Cubello welcomes you with speech evoking Speak and Spell or GORF (if you’re old enough to recall either); Stephen Hawking on caffeine otherwise. It’s a friendly welcome which sets the scene for what could be a 70s Russian sci-fi art film: who is this voice and who or what is a cubello?
A tutorial will help you understand the spinning geometric form that is the game. The cubello itself is a small transparent cube with a glowing blue center; attached to it are blocks of different colours. The game is broken up into stages: in the first stage these colours are a very pale blue, grey and black, but later stages explode with colour. The mysterious computerised voice tells you every colour as you launch it at the cube-encrusted cubello.
This is the core of the game: launch different coloured blocks from a magazine at the blocks attached to the Cubello with the goal being to remove all of them. By creating chains of four or more blocks they fall away like groups of ripened…blocks. This also prompts a pronouncement from the voice: if you eliminate multiple groupings in rapid succession, you may get to hear it say “awesome!” — a reward worth earning!
Sadly you do not have an infinite number of blocks; nor do shortcuts present themselves. Unlike other colour matching games like Actionloop, you cannot simply launch blocks that do not suit you off into space; place must be found for them in the existing structure. Your score is determined both by the length of time and number of turns (cube launches) taken to clear the Cubello of extraneous blocks. Note that there is no clock, however. The game is not about frenetic block collisions as with Tetris or Columns; in fact haste is likely to have a negative outcome as each launch which fails to cause blocks to be cleared brings the cubello closer to the screen. If it “touches” the screen you’ll lose blocks in your magazine and if your magazine empties it’s Game Over. Likewise you must be thrifty with your magazine of blocks as the only way to ensure more blocks fill your magazine is to clear groups from the cubello, so make those cube launches count!
This game requires a bit of patience; especially as you have no control over the slowly rotating cubello, except that each launch causes it to change rotation. A nice pulsation shows you where your cube launch will stick to the structure and this can be moved about with the pointer. Launching a cube requires a press of either A or B as you like. Spicing things up a bit is a Bonus Metre which consists of four squares each of which fill with different symbols when you clear a group of blocks. If all four symbols match you get “Bonus Time” where the normally void white space surrounding the cubello becomes black with pulsating lines of colour and your current block becomes the colour of one of the ones needing to be cleared. As Bonus time counts down the cubello comes faster towards the screen. If you only have a few blocks left you may actually clear it; if not keep launching until time counts down and you return to normal play.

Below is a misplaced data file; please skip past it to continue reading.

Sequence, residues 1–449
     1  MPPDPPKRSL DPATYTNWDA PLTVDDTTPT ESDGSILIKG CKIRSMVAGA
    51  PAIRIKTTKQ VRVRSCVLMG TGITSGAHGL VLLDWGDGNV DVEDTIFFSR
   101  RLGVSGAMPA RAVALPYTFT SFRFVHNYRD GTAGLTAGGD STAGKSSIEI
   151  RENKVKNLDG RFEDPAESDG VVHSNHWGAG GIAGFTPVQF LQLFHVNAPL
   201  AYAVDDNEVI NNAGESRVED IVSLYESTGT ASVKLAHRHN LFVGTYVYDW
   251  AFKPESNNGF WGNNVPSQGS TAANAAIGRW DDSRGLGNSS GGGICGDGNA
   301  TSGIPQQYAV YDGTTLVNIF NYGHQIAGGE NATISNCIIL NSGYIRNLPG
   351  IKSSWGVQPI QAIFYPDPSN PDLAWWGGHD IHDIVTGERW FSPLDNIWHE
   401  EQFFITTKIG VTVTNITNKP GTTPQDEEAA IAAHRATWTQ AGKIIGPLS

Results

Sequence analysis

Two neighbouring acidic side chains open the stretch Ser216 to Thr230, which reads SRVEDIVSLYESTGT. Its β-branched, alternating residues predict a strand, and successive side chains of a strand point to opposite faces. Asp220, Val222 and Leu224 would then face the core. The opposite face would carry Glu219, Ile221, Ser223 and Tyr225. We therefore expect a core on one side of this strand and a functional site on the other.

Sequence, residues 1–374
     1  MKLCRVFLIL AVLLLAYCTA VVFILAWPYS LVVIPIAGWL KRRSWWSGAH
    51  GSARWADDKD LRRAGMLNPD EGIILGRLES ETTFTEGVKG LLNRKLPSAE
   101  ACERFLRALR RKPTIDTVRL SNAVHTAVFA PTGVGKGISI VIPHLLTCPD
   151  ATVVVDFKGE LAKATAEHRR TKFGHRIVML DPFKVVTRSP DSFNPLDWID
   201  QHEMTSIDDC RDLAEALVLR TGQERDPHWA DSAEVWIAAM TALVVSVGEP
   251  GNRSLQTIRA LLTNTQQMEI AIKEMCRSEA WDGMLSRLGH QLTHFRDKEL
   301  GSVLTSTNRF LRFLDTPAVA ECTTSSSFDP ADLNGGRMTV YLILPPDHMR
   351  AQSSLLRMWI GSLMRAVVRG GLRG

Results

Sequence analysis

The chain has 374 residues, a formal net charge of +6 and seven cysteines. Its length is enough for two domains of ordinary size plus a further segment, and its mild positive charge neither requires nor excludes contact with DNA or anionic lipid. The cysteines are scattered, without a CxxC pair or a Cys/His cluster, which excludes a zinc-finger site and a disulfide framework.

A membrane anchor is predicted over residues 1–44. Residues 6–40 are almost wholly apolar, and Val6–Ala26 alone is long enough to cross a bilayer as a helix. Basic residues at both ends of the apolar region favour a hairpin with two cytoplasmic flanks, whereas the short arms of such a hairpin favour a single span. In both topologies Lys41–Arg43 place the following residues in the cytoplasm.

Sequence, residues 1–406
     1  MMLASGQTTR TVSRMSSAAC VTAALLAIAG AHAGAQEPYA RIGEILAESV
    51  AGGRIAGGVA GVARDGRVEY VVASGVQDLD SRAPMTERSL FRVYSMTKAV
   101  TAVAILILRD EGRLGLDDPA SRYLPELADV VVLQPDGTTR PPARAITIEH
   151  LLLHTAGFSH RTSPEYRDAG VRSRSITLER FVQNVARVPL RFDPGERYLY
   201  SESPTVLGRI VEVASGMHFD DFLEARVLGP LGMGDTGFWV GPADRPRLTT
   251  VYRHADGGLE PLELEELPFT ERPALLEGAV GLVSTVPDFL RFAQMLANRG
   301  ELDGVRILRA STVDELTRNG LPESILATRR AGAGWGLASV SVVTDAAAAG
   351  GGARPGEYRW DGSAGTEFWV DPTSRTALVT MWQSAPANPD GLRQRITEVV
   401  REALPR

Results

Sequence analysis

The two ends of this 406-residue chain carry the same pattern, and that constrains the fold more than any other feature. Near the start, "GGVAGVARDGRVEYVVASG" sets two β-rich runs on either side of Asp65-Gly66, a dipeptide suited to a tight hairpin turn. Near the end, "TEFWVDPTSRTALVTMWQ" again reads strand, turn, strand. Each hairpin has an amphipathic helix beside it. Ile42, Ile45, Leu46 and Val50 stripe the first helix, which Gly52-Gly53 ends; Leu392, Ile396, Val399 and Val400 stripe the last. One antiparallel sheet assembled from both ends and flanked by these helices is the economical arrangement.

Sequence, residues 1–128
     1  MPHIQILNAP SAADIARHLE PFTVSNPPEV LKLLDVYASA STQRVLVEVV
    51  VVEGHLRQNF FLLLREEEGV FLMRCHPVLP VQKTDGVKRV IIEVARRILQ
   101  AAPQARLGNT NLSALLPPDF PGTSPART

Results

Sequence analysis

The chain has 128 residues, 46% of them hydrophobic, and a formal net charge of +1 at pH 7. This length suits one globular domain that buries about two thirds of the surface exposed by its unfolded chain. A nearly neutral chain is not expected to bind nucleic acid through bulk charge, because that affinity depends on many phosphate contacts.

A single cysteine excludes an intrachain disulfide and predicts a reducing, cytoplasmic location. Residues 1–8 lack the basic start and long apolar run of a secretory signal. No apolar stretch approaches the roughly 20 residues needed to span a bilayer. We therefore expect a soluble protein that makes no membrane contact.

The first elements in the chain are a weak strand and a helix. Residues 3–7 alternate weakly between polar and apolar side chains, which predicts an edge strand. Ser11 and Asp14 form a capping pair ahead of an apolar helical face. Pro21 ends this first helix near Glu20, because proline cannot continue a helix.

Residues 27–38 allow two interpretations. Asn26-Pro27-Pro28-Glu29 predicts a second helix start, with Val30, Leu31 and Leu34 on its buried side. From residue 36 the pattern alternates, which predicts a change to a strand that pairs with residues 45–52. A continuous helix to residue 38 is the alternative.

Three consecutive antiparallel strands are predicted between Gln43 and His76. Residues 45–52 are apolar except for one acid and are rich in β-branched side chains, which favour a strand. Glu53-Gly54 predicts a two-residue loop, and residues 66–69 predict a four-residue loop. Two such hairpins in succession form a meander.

Cubello is part of the Art Style series (similar to the Bit Generations series of games released for the Gameboy Advance in Japan) and the name is apt as the game has very clean, minimalist lines with an appealing look to it. The cubello rotation is very smooth and as mentioned earlier there are no shortcuts: if you clear a block with different coloured blocks branching off of it, rather than also dropping off into space they flow back towards the cubello at the core of the geometric structure they are part of in a smooth animated fashion (though if they form like groups of four in the process they will drop off as well).
It’s a nice game to look at and the lack of time limit means that you can appreciate it whilst looking for the next place to launch a block. Mathematicians should rejoice and puzzle fans have something different for a change that I think they will find just as engrossing as Tetris. For 600 points and little more space than an NES game you cannot go wrong. Twitchers need not apply.